Challenge and the Sympathetic vs Parasympathetic Nervous System

Reflections of a curious Yogi

Today in class I felt my butt proverbially “kicked”. I was challenged by the continuous strength it took to keep up with the sequences offered by Kyla our instructor. Challenge comes in so many forms and in yoga can be the best lesson you’ll take away into every day life. It can be found by taking on a new pose or focusing the mind.

Challenge is important to every day practice and incorporates the science of the Sympathetic Nervous System vs. Parasympathetic Nervous System to teach us about ourselves.

The Sympathetic Nervous System charges you up

The sympathetic nervous system is responsible for an increase in heart rate and is related to the stress response. Back in Palaeolithic times it helped the heart rate and adrenaline work together to help us escape from a sabre tooth tiger. These days it helps us rush from one appointment to another, completing those daily tasks while time bites at our heels.

The Parasympathetic Nervous System cools you down.

The calming sensation of the parasympathetic nervous System is our body’s natural ability to let us decompress after a long day. Some ways to activate the parasympathetic nervous system according to are saunas, attention to physical sensation and deep even breath.

The two work together in your yoga experience

In class, yoga poses are designed to activate the sympathetic and parasympathetic nervous systems as a “yin and yang” balancing act to help you get back to that even keel state of mind. Kyla MacKinnon’s class tends to really do this well. With an even amount of challenge and restful poses the cleansing sensation is deeply felt by the end of practice.

So why activate the Sympathetic Nervous System?

As I delved into research on the two systems I wondered why in the $&!? we would want to activate the system that so often causes the tension and negativity in our daily lives? In her article “The Power of The Sympathetic Nervous System” Robin Sands points out the importance of posing challenge to activate the system in order to learn how we can move through stress as it presents itself. In practice we do poses like wheel, which like many back bends, activates the Sympathetic nervous system. If we can learn to approach it with a sense of calm the pose becomes a metaphor for those stressful daily moments. Perhaps at first it strains our breathing, all sorts of emotional responses flood in as we attempt the pose. This was one such episode Taylor McGillivary coached me through after attempting a back bend that surprised me by activating intense stress.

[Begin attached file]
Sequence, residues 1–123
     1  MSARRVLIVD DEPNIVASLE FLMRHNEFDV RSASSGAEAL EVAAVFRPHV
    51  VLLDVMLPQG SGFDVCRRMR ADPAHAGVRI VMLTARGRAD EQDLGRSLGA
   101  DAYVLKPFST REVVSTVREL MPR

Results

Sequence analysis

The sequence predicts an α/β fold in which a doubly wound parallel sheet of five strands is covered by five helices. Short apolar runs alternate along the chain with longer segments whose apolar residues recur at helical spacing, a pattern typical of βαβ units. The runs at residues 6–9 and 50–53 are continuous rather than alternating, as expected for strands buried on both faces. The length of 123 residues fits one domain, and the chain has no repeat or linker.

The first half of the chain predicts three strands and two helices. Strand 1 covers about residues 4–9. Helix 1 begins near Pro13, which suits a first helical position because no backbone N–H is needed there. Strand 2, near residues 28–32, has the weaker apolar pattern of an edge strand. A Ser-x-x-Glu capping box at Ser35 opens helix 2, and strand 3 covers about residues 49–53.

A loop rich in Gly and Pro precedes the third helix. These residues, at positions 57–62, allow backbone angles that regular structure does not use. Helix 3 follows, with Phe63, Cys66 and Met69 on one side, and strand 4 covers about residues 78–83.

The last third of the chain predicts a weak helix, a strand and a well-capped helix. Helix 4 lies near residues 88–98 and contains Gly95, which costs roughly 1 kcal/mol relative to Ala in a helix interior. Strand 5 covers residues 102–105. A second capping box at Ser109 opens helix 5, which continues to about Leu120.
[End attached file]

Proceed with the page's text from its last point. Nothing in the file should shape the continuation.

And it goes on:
So, the challenge of this type of pose may induce stress, however, the way we approach them day after day will continually expose our usual tendencies and allow us to re-direct those habits to healthier alternatives like breathing and steadying the mind.

And we all love the Parasympathetic

Unless you are a stress chaser! Which we’re all guilty of at times. Rest poses will activate the parasympathetic nervous system to rebalance and help the body let go of the previous fire; letting cleansing blood and prana rush through the body in a moment of pause after having pushed ourselves through the “fight or flight” sensation of stress to find the other side of recovery.

Examples of Poses for the Parasympathetic Nervous System

Legs up the Wall Pose

Child’s Pose

Standing Forward Bend

Examples of Poses to ignite the Sympathetic Nervous System

Wheel Pose


Camel Pose

At the conclusion of today’s class we had a full and echoey “Om” that rang through the room followed by words read aloud by Kyla. The author was Danna Faulds whom I tried to remember her name but just couldn’t. However when I returned home and did a quick search it seemed she found me. And so I leave you with her words of letting go:


By Danna Faulds

There is no controlling life.

Try corralling a lightning bolt,

containing a tornado.  Dam a

stream and it will create a new

channel.  Resist, and the tide

will sweep you off your feet.

Allow, and grace will carry

you to higher ground.  The only

safety lies in letting it all in –

the wild and the weak; fear,

fantasies, failures and success.

When loss rips off the doors of

the heart, or sadness veils your

vision with despair, practice

becomes simply bearing the truth.

In the choice to let go of your

known way of being, the whole

world is revealed to your new eyes.